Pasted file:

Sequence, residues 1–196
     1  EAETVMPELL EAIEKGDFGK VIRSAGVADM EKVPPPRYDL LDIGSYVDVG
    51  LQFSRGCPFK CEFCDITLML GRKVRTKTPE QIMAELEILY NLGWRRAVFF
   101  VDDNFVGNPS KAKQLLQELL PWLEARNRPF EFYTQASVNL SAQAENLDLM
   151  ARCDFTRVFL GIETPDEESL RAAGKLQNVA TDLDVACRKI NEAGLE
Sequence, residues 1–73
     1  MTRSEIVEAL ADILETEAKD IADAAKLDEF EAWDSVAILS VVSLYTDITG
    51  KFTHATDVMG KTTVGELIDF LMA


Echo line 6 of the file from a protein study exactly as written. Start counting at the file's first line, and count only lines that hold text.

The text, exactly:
Sequence, residues 1–73